“Watching clients grow, evolve, and develop reinforces my love and commitment to this field and my belief that therapy, with a lot of hard work, can be life-changing.”
What was your path to becoming a therapist?
Ever since I was very young, I've been interested in understanding people's stories and life experiences. Still, my career path didn’t lead me directly to the therapy world. I spent some years teaching yoga and mindfulness, which deepened my attunement to the needs of those around me. Becoming a therapist felt like the natural next step, giving me the tools to work with others in a profound way. Watching clients grow, evolve, and develop reinforces my love and commitment to this field and my belief that therapy, with a lot of hard work, can be life-changing.
What should someone know about working with you?
Working with me looks different for each client. For some clients, understanding their current patterns based on their background and history can help them build more self-acceptance and self-compassion. For others, identifying and getting comfortable expressing their feelings and their needs can help them improve their relationship with themselves and with their loved ones. There are also clients who benefit from learning and practicing specific skills (such as mindfulness, emotional regulation, or assertiveness) and that becomes the basis of our work together. With all of my clients, the first step in our journey is building trust and safety between us.
What do you do to continue learning and building competencies as a provider?
Continued learning is a big part of growing as a therapist and ensuring that I provide my best care to clients. I take part in group supervision, consult regularly with a highly experienced clinician, and attend frequent trainings on topics and therapeutic modalities that I want to learn more about. Outside of my graduate training, I’ve trained in many valuable therapeutic modalities, including somatic interventions for trauma, DBT (dialectical behavioral therapy), ACT (acceptance and commitment therapy), and IFS (internal family systems). This keeps me inspired about the work that I do, opens me up to new ideas and practices, and helps me continue to improve and evolve as a therapist.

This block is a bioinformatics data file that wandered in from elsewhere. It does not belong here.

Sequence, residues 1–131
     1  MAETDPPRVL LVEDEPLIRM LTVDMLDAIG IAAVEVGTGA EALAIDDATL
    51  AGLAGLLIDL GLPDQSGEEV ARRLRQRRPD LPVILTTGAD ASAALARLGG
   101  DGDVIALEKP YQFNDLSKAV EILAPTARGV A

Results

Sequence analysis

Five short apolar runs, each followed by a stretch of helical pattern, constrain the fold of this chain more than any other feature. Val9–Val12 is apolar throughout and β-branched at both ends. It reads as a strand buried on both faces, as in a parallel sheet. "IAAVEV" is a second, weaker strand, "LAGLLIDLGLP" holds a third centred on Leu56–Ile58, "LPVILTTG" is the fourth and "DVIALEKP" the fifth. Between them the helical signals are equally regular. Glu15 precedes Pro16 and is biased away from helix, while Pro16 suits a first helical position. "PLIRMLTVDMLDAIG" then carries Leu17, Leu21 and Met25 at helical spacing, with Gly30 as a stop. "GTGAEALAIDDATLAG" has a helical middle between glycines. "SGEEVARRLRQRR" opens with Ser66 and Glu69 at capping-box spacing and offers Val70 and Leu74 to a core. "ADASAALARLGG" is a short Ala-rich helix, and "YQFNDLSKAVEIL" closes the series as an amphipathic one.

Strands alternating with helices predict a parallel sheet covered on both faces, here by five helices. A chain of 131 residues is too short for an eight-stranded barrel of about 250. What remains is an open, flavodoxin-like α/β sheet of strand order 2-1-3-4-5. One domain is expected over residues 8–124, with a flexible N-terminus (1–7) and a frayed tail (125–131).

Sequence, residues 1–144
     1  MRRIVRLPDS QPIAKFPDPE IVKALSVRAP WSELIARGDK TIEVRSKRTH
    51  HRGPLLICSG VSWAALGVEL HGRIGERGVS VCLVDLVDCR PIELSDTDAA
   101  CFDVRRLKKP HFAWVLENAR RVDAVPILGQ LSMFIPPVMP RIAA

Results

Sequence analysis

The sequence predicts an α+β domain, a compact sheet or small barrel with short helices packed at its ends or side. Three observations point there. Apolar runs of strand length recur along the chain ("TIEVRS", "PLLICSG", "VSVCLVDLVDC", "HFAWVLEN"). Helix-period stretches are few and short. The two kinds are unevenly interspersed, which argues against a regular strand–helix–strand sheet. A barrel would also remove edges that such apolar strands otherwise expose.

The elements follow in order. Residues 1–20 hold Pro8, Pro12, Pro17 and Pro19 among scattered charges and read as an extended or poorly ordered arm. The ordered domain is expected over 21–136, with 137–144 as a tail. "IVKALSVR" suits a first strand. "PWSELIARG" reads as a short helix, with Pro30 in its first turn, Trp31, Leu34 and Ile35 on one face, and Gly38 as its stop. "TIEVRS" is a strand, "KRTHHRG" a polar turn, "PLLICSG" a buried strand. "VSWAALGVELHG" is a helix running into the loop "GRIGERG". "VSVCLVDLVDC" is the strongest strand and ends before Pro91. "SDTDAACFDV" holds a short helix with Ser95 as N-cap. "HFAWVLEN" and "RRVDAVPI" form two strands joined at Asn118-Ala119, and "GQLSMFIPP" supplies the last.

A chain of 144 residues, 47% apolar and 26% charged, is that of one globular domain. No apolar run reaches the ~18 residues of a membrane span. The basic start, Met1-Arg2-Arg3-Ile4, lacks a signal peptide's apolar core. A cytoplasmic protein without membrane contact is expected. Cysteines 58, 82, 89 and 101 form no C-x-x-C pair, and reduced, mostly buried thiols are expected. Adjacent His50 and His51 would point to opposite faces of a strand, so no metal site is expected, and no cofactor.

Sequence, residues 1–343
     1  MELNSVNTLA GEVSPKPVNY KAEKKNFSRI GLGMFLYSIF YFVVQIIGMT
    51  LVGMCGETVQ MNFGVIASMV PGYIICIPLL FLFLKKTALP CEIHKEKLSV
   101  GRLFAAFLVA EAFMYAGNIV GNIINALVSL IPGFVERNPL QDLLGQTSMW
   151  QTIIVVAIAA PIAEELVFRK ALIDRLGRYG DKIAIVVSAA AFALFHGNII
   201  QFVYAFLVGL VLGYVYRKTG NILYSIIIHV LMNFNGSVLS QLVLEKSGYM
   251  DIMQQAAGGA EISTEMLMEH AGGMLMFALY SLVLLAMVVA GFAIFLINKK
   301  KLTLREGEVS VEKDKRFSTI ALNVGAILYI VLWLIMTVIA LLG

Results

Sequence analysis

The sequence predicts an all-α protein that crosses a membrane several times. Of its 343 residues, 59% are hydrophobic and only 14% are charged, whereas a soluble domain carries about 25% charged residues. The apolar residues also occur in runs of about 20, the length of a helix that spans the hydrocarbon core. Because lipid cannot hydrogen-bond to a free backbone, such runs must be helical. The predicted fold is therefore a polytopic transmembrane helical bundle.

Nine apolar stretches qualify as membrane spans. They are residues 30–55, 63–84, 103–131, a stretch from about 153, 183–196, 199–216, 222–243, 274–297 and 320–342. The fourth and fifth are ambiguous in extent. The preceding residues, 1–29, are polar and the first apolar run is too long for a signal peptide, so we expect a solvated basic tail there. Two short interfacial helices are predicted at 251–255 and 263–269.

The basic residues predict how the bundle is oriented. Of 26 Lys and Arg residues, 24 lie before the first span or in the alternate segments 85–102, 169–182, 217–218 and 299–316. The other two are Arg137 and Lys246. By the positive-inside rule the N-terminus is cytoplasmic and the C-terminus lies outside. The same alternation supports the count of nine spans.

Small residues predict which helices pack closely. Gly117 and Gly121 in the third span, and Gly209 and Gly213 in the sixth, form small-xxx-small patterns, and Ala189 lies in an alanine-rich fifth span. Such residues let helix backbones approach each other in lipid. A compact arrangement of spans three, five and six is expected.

How do your own core values shape your approach to therapy?
One of my core beliefs is the idea that every human being is an entire world that holds immense knowledge, complexity, resources, and value. This guides my work by the way I try to hold space for every client, knowing that they each bring so much with them into the room. We are not just the sum total of all of our experiences, symptoms, or struggles. We each hold tremendous potential and my work allows me to help my clients recognize their own strengths and greatness.
What are you most excited about within the evolving mental health landscape?
I’m excited that therapy and mental health are being discussed in so many forums and that resources are easier to access. Mental health professionals like Brene Brown and Esther Perel brought mental health to the masses with their Ted Talks, podcasts, and readable books. This provided a gateway for people to consider, talk about, and care for their mental health in a more substantive way. Together, we learned that mental health doesn't mean the absence of mental illness (just like physical health doesn't mean the absence of being sick). If we want to become more emotionally and mentally healthy, it requires learning, reflecting, discussing, and practicing. This is more likely now that there is openness and conversation surrounding these ideas.
“One of my core beliefs is the idea that every human being is an entire world that holds immense knowledge, complexity, resources, and value.”